2. Don't drive yourself (myself) crazy trying to teach the "perfect" class on your (my) first time teaching. Try to do a good job and next time try to improve on it as much as possible.
  3. Zeno's paradox means that I'll never teach quite as well as I think I could teach. The positive message there is that one should continue trying to come up with creative ways to improve a course. The warning there is that perfection is not an appropriate standard and not to be too hard on oneself for failing to reach it.

Monday, June 8, 2015

A little growth curve analysis Q&A

I had an email exchange with Jeff Malins, who asked several questions about growth curve analysis. I often get questions of this sort and Jeff agreed to let me post excerpts from our (email) conversation. The following has been lightly edited for clarity and to be more concise.

Sunday, June 7, 2015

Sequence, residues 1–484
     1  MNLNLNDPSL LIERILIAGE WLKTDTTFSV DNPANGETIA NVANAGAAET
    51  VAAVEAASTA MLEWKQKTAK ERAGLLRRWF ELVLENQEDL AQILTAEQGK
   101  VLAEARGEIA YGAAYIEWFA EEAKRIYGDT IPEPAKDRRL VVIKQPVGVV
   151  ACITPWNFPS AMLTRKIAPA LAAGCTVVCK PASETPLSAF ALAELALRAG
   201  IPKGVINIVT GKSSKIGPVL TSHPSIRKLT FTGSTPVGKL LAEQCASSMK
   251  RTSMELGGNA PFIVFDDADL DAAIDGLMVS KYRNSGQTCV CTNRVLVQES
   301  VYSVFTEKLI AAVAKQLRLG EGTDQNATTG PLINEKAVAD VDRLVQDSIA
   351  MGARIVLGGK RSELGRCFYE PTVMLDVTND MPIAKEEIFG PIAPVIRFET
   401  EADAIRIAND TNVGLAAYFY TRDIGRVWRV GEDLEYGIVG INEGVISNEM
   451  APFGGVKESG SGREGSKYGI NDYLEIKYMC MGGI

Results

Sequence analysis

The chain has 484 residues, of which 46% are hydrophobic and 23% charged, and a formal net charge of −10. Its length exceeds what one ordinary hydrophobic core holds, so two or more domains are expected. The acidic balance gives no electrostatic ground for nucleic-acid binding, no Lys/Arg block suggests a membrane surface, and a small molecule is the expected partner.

Job Opening: MRRI Institute Investigator (all levels) -- Language and Cognition in Neuropsychological Populations

Moss Rehabilitation ResearchInstitute (MRRI) seeks an Institute Investigator to join our historic program in language and cognition and help build the next generation of translational neuroscience/neurorehab research.

The successful applicant is expected to conduct an independent program of research and to participate in research collaborations within and outside MRRI. The ideal candidate is a cognitive, clinical, or neuroscientist or speech-language pathologist who studies language or related cognitive disorders, and who may also conduct research in translating basic science findings to improve clinical practice. Preference will be given to candidates who complement the faculty’s interests in areas like language processing, language learning, semantics, action planning, cognitive control, neuromodulation, neuroplasticity, and/or lesion-symptom mapping